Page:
The following item is for my town planner amigo, Wayne . . .
Wrestling has regained its place on the Olympic Games sports roster after a vote by International Olympic Committee members in Buenos Aires. It had been controversially dropped as an Olympic sport by the IOC Executive Board in February 2013.
- News report
The above news report brought to mind some defunct Olympics events, not early events such as who could swim the furthest underwater holding one's breath, but events such as town planning.
From 1928 to 1948 the Olympic Games included Town Planning as one of its events.
Between 1912 and 1948 Olympic medals were awarded for competition in the categories of architecture (with a sub category of Town Planning introduced in 1928), literature, music, sculpture and painting, in accordance with the intentions of modern Olympics founder Pierre de Coubertin. The entries had to be inspired by sport.
The 1948 London Olympics gold for Town Planning went to Yrio Lindegreen of Finland for the Centre of Athletics in Varkaus, Finland.
The 1928 gold medal for architecture had been awarded to Jan Wils for his design of the Olympic Stadium used in the 1928 Olympics.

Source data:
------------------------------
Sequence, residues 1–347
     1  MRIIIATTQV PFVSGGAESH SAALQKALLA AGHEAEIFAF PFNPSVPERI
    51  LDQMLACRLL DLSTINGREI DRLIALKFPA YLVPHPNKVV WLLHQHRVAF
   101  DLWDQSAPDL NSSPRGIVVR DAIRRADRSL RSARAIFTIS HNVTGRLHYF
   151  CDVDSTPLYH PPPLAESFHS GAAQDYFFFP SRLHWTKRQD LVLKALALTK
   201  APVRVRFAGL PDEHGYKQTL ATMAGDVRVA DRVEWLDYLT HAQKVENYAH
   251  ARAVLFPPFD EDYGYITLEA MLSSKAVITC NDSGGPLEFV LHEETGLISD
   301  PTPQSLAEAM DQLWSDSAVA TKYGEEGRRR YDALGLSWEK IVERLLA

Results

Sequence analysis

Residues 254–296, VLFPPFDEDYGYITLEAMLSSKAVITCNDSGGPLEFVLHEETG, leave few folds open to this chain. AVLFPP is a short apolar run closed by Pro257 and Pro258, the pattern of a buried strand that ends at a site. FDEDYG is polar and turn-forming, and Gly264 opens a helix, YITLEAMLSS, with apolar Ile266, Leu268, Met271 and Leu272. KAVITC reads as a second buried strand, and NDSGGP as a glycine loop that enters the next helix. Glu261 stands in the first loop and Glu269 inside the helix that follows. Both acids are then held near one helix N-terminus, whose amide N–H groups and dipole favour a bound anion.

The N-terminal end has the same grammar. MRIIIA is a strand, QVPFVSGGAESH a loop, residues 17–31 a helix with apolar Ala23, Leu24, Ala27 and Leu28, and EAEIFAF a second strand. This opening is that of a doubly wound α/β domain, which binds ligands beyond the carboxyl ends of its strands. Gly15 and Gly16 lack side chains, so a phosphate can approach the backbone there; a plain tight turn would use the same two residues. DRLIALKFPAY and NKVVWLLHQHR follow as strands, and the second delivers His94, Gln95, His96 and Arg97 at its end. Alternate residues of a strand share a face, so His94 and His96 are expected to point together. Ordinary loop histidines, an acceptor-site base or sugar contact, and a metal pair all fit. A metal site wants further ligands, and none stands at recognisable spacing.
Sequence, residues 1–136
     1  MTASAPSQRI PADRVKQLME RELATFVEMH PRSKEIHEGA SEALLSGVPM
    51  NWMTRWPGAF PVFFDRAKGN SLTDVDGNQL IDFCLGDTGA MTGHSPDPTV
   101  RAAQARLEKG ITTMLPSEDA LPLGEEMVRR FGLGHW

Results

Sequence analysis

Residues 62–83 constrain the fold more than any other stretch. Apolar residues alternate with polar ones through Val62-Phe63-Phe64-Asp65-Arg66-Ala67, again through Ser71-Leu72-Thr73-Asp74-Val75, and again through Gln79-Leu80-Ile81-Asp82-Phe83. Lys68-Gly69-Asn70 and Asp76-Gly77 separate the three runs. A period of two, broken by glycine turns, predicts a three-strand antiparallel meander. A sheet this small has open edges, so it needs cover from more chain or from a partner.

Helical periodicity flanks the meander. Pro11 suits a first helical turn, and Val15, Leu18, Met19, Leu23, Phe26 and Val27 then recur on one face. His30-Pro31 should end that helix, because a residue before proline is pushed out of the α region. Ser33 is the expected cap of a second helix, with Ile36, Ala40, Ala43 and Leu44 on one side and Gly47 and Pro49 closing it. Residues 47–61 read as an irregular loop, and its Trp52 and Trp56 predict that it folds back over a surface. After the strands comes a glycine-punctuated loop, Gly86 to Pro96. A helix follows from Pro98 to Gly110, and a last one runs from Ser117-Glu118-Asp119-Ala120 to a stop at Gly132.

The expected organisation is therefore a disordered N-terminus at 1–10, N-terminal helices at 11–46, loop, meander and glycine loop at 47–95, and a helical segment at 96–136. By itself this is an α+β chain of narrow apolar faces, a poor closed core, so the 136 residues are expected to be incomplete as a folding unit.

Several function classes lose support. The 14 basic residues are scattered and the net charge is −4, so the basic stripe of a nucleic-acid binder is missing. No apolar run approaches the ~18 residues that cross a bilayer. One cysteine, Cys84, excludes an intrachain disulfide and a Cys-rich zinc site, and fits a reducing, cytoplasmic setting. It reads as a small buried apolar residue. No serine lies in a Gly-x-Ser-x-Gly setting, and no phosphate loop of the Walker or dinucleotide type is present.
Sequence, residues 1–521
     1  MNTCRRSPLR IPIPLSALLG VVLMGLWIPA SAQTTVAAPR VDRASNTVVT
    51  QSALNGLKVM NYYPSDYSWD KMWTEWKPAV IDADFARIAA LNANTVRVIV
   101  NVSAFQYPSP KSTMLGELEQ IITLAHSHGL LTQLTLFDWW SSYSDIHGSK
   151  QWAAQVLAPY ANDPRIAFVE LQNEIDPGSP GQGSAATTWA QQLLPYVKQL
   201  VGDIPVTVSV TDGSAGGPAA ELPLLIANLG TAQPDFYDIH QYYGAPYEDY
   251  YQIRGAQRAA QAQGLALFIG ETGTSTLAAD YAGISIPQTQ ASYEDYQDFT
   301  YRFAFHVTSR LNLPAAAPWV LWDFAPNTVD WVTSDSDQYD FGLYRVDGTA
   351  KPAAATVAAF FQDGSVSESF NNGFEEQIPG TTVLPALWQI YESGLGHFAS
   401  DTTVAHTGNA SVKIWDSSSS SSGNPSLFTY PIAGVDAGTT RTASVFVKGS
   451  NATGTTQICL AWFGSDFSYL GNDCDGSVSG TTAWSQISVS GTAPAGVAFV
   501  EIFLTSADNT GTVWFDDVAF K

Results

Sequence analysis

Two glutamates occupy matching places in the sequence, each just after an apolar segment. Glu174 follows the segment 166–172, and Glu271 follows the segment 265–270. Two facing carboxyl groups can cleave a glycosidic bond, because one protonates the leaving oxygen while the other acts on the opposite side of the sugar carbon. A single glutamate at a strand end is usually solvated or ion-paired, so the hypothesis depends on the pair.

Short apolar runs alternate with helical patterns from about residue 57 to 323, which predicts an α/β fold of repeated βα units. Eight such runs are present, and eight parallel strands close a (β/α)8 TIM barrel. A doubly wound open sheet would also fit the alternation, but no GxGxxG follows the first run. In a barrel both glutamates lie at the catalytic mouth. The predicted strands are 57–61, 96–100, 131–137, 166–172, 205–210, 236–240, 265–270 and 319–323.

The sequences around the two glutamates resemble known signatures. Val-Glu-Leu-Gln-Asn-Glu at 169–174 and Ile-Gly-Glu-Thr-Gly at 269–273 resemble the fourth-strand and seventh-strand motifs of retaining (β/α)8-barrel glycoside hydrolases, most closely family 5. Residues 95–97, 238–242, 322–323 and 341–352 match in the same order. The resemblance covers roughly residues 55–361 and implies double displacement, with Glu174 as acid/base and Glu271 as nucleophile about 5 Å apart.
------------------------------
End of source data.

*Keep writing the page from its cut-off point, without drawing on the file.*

These arts events were dropped after the 1948 Olympics after a study revealed that nearly all of the past entrants in the arts categories had been professionals, whereas Olympic athletes were required to be amateurs.
Since 1956 the Olympic cultural program has replaced arts events as Olympic sports.
By the way:
Two people have won medals in both sports and arts Olympic competition: Walter Winans of the US won gold in 1908 and silver in 1912 in the running deer shooting (shooting at a moving target shaped like a deer), plus a gold for sculpture; Alfred Hajos of Hungary won two gold in 1896 for swimming plus a silver for stadium design in 1924
In 912 Pierre de Coubertin, under the pseudonym "Georges Hohrod and Martin Eschbach", entered Ode to Sport in the arts competition and won gold. A swab should have been called for.
IOC Pres 1952-1971 Avery Brundage competed as an athlete at the 1912 Games and entered literary works at the 1932 and 1936 Olympics, earning an honorary mention in 1932.
The oldest Olympic medal winner is Brit John Copley. He won a silver medal in the 1948 engravings and etchings competition when he was 73 years.
Future Olympic medal winner John Copley and wife Ethel in the 1930’s
The oldest Olympic medalist outside the art competitions is Swedish shooter Oscar Swahn, who won his last medal at age 72.
Oscar Swahn competing in 1912.